Thanks for listening.  I will leave this for others to yell at me about. 

While you are entirely correct. I think just like Brontosaurus, before the name was properly reinstated, the word raptor has become so entrenched that I don't see it going away.

 

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Sonic0627

According to the seller of the teeth they are Dromaesaur however I can’t argue with the info given in this thread that it’s probably not raptor. And yes my son is thinking Jurassic Park style raptor tooth. He was shocked when I informed him that they were more like birds. I got him these teeth, a spinosaurus tooth, and a fossilized mako and Megalodon tooth. 

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Sonic0627

So what do you all think of these ones I found?

I think the light one is still a Carcharodontosaurus  but the darker one shows the larger serrations on the back 

 

Capture1.PNG

Capture2.PNG

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Abstraktum

I just leave this for comparison. My two Abelisauridae indet teeth from Morocco.

 

20180903_185211.thumb.jpg.56a22af5643a023aebfa44609b714bde.jpg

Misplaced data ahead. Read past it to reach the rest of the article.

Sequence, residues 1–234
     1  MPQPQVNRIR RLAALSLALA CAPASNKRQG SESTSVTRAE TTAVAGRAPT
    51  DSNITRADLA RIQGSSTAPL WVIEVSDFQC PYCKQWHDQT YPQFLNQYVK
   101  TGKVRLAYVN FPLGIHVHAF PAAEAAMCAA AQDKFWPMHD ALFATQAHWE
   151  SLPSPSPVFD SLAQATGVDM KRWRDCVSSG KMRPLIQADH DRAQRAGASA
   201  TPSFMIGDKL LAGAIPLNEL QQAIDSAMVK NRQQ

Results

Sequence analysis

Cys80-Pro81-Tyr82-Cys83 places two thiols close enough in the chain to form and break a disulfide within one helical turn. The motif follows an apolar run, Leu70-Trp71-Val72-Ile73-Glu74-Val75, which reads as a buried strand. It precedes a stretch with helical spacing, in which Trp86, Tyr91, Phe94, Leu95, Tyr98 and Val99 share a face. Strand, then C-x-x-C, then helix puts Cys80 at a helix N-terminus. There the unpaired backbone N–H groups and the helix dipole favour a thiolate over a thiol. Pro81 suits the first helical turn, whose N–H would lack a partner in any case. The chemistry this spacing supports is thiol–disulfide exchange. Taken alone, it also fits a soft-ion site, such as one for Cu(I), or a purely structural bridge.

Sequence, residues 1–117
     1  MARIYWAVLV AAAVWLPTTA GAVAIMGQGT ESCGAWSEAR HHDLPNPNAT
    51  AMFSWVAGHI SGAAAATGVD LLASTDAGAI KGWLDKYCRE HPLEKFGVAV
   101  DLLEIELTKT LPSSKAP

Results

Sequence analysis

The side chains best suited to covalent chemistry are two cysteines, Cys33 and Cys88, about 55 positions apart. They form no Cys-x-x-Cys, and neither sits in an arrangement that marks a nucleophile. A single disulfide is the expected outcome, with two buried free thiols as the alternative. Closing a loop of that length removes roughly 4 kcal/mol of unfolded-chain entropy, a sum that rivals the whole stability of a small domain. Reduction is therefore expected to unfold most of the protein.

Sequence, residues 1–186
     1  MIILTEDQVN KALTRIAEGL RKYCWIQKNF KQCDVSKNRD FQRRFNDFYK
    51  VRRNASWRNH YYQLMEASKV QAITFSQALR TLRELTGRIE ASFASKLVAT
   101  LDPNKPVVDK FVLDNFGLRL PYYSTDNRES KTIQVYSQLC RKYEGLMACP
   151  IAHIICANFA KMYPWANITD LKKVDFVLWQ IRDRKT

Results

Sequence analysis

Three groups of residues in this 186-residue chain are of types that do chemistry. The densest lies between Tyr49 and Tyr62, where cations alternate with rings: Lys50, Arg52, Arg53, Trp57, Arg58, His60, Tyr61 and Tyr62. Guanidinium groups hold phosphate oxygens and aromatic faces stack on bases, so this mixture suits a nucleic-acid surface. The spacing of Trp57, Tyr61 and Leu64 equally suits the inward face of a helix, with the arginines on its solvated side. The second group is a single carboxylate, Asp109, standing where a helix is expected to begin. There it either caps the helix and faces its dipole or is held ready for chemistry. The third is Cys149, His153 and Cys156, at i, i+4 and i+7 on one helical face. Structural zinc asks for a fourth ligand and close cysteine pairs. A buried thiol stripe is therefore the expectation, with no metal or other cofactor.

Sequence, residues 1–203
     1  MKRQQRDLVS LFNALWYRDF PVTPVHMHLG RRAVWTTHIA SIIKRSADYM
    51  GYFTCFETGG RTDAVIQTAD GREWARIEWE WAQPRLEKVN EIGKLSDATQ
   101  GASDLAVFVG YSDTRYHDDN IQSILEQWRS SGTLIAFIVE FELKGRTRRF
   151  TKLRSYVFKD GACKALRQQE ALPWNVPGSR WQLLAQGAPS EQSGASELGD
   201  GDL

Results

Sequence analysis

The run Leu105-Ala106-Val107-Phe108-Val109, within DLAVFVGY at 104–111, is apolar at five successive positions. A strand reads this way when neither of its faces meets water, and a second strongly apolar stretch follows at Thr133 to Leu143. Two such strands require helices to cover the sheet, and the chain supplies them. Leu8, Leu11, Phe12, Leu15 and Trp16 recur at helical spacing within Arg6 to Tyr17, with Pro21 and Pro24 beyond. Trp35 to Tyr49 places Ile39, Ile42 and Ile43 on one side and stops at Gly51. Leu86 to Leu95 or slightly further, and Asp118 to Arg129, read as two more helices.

6640CF09-057F-4D58-849C-C7657E7BBB9E.jpeg20180922_161405.thumb.jpg.d3a89a4f04f74ec427158e07cbff9b0c.jpg

 

90409B60-B382-440E-A20E-CC894DE1D6E0.jpeg20180922_161458.thumb.jpg.b0d0f47836710a7ec3c7c0d2afd7fae3.jpg

 

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The Amateur Paleontologist
On 21/09/2018 at 2:53 AM, Seguidora-de-Isis said:

this does not mean that there are no Dromaeosaurids present in Kem Kem as there is occurrence yes but they are very rare.

@Seguidora-de-Isis Wait wait wait a minute. you mean there actually is a record of Dromaeosauridae from the Kem Kem?? Any papers? I'd love to find out more :)

-Christian

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Seguidora-de-Isis
45 minutes ago, The Amateur Paleontologist said:

@Seguidora-de-Isis Wait wait wait a minute. you mean there actually is a record of Dromaeosauridae from the Kem Kem?? Any papers? I'd love to find out more :)

-Christian

 

In fact, nothing has yet been published about any kind of Dromaeosauridae at Kem Kem. But it is not because a material has not yet been published or scientifically described which means it can not exist. I can assure you that there is, in private collections, more than enough rumors to make us reflect on the possible existence of Dromaeosaurids at Kem Kem.

 

image.png.571a1cdedaddee2762f2b100154f266f.png

@hxmendoza

 

image.png.94cdded461ee6a9dabdb7f4def499f01.png

@Troodon

 

image.png.c2e6c465f34d7f1c7b66575f54120ab3.png

 

image.png.949ab91d5fa670688cd702a4b66af331.png

 

@LordTrilobite

 

So with so many rumors, I do not believe the claim that there are no Dromaeosaurids in Kem Kem's beds is correct, but rather that there is no published material.